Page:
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So i just purchased what is supposed to be a 1967 96 Monte Carlo 850. However, i have done a little research on the chassis number, which is 392376. According to what i have read that would make it MY 1966, but the title says 1967. Am i missing something?
 

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You have a '66 but it was sold as a new car in '67 and titled as such. This is a fairly well known bit of trivia coming from multiple sources in the vintage SAAB community.
 

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Monte Carlo?

In '67 what makes the car a Monte Carlo? Is there a list of upgrades, for example? Thanks! for any info because I'm really just trying to understand what is different between the Monte Carlo and a regular 96.
 

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Saab model year if I recall correctly went from July or August of the preceding year to whenever the start of their summer shut down was.

So MY66 would have run from July/August 1965 to around about June/July 1966.

So it would be easier to find a MY66 car registered in 1965 but special models did sometimes hang about on the forecourt so it's not unheard of.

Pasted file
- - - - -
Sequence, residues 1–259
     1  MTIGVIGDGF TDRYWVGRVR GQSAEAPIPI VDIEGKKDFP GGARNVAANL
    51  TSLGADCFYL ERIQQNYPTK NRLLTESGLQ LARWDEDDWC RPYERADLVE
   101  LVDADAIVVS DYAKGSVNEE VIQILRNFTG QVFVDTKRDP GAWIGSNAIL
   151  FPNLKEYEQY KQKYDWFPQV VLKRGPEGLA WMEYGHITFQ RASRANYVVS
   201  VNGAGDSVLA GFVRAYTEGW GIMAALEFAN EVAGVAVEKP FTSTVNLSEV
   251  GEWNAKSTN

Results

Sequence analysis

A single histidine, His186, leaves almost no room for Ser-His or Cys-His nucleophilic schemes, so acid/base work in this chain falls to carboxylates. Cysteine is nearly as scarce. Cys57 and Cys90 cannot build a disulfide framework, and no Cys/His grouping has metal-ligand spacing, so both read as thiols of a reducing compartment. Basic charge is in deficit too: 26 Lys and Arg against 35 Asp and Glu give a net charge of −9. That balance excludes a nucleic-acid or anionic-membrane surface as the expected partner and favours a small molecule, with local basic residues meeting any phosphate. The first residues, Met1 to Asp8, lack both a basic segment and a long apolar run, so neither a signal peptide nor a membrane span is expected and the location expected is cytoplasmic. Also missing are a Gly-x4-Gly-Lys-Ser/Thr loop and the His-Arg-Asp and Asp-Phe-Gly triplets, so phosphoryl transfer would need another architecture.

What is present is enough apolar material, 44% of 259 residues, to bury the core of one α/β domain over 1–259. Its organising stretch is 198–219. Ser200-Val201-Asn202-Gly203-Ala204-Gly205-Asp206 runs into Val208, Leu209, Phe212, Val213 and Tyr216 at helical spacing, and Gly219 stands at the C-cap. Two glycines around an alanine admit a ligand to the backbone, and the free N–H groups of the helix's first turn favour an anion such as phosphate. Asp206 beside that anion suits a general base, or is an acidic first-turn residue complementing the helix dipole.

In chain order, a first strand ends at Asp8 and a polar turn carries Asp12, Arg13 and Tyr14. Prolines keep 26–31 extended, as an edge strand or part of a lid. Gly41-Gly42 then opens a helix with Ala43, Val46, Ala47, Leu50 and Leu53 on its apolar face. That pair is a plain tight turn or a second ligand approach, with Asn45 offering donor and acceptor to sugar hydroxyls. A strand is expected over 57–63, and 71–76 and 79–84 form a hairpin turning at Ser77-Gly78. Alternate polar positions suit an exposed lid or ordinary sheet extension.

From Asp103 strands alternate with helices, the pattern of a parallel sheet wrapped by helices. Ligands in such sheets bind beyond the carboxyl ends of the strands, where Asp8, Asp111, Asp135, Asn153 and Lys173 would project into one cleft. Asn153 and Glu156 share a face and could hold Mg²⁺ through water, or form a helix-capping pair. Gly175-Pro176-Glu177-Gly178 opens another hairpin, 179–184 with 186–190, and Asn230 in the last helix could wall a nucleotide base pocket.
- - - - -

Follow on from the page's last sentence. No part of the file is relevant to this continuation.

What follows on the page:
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In '67 what makes the car a Monte Carlo? Is there a list of upgrades, for example? Thanks! for any info because I'm really just trying to understand what is different between the Monte Carlo and a regular 96.
Believe Monte Carlo had a higher output out of the 2 stroke engine vs standard 2 stroke in regular 96.
 

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There were many differences in th MC. Tach is standard, body trims are different, seats are unique,...etc.
There was a MC offered as a V4 in 68,69. The 2stroke engines are very different from their standard counterparts, most notably crankshaft being a multiple piece unit with its own performance advantages. MC's were available in 750cc, 850cc, and V4.

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Here is my 66 96MC
The engine is a triple carb unit with a different cylinder head from standard to increase static compression, along with the fore-mentioned crankshaft.
The double side trim and fogs are standard for the MC in 66, along with side badges representing the sport model.
Notice the 4-lug wheels. MC's had front discs long before standard cars. Not shown are the beauty rings and hubcaps that distinguish the car s a high end sedan.
The interior had sport model seats identifiable by the chrome side hinges. These are of the same style as Porsche 356 seats (almost). The steering wheel was made by Nardi and has a few different variations on a theme throughout the model history. The speed pilot was also a standard issue MC feature, as most were rallied or raced in some fashion. Tach and higher mph speedo were also equipped. Radios were typically installed from Sweden as were floor mats and other Deluxe features.


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Notice the dual headrests in the nice car, only passenger seats had headrests until 67. This car is not a MC. The late hubcaps don't fit early wheels, wrong trim, no badges, etc, but it has 67 MC seats for example.
Top photo shows the trim rings on the wheels. That's the day I found it.
Trunk lid badges match the sides but larger.

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